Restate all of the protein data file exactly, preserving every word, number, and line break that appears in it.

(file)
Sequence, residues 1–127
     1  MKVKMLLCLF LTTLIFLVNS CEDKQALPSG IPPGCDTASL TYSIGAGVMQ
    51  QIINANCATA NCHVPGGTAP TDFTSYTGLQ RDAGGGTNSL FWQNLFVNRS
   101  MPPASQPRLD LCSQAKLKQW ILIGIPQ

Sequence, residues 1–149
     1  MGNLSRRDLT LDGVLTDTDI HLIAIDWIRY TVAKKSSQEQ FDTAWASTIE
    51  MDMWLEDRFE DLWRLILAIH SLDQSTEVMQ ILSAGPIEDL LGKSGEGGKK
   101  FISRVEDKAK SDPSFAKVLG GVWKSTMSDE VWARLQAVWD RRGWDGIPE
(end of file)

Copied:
Sequence, residues 1–127
     1  MKVKMLLCLF LTTLIFLVNS CEDKQALPSG IPPGCDTASL TYSIGAGVMQ
    51  QIINANCATA NCHVPGGTAP TDFTSYTGLQ RDAGGGTNSL FWQNLFVNRS
   101  MPPASQPRLD LCSQAKLKQW ILIGIPQ

Sequence, residues 1–149
     1  MGNLSRRDLT LDGVLTDTDI HLIAIDWIRY TVAKKSSQEQ FDTAWASTIE
    51  MDMWLEDRFE DLWRLILAIH SLDQSTEVMQ ILSAGPIEDL LGKSGEGGKK
   101  FISRVEDKAK SDPSFAKVLG GVWKSTMSDE VWARLQAVWD RRGWDGIPE